Pumpkins - Organic

Winter Luxury Pumpkin Conventional & Organic

Winter Luxury Pumpkin Conventional & Organic


C. pepo 105 days. In search of the ultimate pie pumpkin, we grew extensive 'pie-class' trials and held a blind taste-off of all our pie pumpkin variety entrants. Winter Luxury comfortably commandeered first place from our panel of judges for outstanding flavor and texture. With thick flesh that's dense and sweet, there's plenty for a couple of pies. The 5–7 pound beauties are flawlessly formed, rounded fruit with orange skin that's netted in a fine veil like the ghost of a cantaloupe rind. In the field, the unusual skin texture gives this squash a rich, velvety appearance befitting of its name. Although this incredible variety dates back to 1893, we've just recently re-discovered its exquisite pie qualities, and are overjoyed that we did!

   Open Pollinated
Approximately 6 seeds per gram.
  • PU733/S
  • 3 grams
  • $3.05

  • PU733/L
  • 3 grams Organic
  • $3.45

  • PU733/P
  • 7 grams
  • $4.65

  • PU733/M
  • 7 grams Organic
  • $5.85

  • PU733/B
  • 1 oz
  • $10.95

  • PU733/N
  • 1 oz Organic
  • $13.95

  • PU733C2
  • 1/4 lb
  • $31.20

  • PU733G1
  • 1/4 lb Organic
  • $39.90

  • PU733C3
  • 1 lb
  • $103.95

  • PU733G2
  • 1 lb Organic
  • $115.50
  • More Information
  • Customer Reviews (2)
Soil Temp for Germ.Days to EmergenceSeed DepthSoil Temp. for Trans.Plant SpacingRow SpacingMin. Germ.Seed LifeSeeds per gramFertilizer Needs
65-85°F5-101"60°F3-4'4-6'75%3 yearsListed per varietyHigh

Cucurbita spp. This traditional ornament of the autumn harvest is good for much more than jack-o-lanterns and pies. High in fiber and essential minerals, their colorful orange flesh signifies an abundance of the antioxidant beta-carotene.

Days to maturity are calculated from date of direct seeding.

• Pumpkins require uniform irrigation totaling 15-20 inches of water during the growing season
• Bee attractant flowers or beehives will help yields — misshapen or non-developing fruit is often the result of poor pollination

Direct Sowing
• Plant after frost danger when soil warms to 65°F
• Work in shovelful of compost and 1/2 cup TSC's Complete fertilizer into hill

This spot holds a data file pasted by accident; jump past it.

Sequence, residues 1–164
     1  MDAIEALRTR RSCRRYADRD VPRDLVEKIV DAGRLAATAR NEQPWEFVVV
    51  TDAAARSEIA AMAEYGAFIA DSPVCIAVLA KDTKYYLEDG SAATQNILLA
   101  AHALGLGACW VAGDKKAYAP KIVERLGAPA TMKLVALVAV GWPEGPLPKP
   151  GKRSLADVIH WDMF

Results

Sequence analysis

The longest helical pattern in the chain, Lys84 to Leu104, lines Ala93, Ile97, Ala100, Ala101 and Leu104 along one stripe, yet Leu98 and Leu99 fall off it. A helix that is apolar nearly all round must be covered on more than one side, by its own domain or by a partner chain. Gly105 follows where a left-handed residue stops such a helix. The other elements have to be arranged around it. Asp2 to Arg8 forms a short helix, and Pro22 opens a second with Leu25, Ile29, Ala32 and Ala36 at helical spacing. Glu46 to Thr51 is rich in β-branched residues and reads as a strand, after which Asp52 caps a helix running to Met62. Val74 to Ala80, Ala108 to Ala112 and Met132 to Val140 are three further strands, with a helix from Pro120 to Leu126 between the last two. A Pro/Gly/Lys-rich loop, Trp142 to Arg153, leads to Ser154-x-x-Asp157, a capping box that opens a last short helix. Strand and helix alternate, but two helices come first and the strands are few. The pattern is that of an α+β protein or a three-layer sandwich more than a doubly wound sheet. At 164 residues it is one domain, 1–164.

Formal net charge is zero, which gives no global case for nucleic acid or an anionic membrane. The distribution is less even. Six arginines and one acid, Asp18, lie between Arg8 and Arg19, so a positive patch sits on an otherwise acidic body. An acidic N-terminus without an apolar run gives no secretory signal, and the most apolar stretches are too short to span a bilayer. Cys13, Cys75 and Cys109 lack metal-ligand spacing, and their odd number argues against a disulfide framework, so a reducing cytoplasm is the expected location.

• Keep soil evenly moist but not wet as too much moisture causes seed to rot
• Bush varieties: sow 3-4 feet apart
• Vining varieties: sow 4-5 feet apart

• Start indoors 3-4 weeks prior to anticipated transplant date in 4 inch pots
• Work in shovelful of compost and 1/2 cup TSC's Complete fertilizer into hill
• Transplant carefully as to not disturb roots

Insects & Diseases
Common insects: Cucumber beetles and squash bugs
Insect control: Pyrethrin
Common diseases: Various wilts, leaf spots mildews, and various viral diseases
Disease prevention: 3-4 year crop rotation, and fungicide applications

Harvest & Storage
• Leave on vine until fully mature, rinds should be firm
• Pumpkins can tolerate a light frost, but must be protected from a hard frost
Dry gourds: Wash gently in a solution of 10 parts water and 1 part bleach, carefully removing all dirt, then store in a warm, dry location
• Store at 55-70°F and 70% relative humidity

HR indicates high resistance.
IR indicates intermediate resistance.
PM | Powdery Mildew
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Dec 27, 2018  |  By John Shaw
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Our results were so different from what the catalog suggested and from what the previous reviewer experienced that I wonder if we just got (gasp) bad seed? We thinned ours to just 3 plants and harvested 20 pumpkins! The plants were the most aggressively vigorous plants I've ever seen -- as the vines spread and flowered, each vine immediately rooted below each blossom, sometimes just overnight. The fruits appeared as described, netted and very beautiful. However, when we cut the pumpkins open, the flesh was like a spaghetti squash, stringy, loose (not dense), and with no sweetness and almost not flavor. Our garden is almost 1/2 mile from the nearest neighbor, so cross pollination with another kind of squash doesn't seem likely. I am quite mystified, and would really like to know what I did wrong.
Feb 1, 2016  |  By Jess
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I originally found this variety at a farm a couple cities away from where I live. I bought a couple and cooked them into breads and a pie. It was the best I've ever had! The flavor was nutty and smooth. Texture was so velvety and the smell was great. Usually squashes can put off a weird smell while you cook them, but this one made me hungry right away. Easy to process, seeds are very plump. This past summer, I planted 4 seeds and all 4 germinated and got 12 pumpkins from these 4 plants. The spread was pretty far, though. They took up a lot of space in the garden, but I didn't mind because they are well worth growing. I grew them alongside mini pumpkins and Butterpies. The Butterpies had a wicked case of powdery mildew, but the Luxury pumpkins seemed to do well even with all of the problems of PM.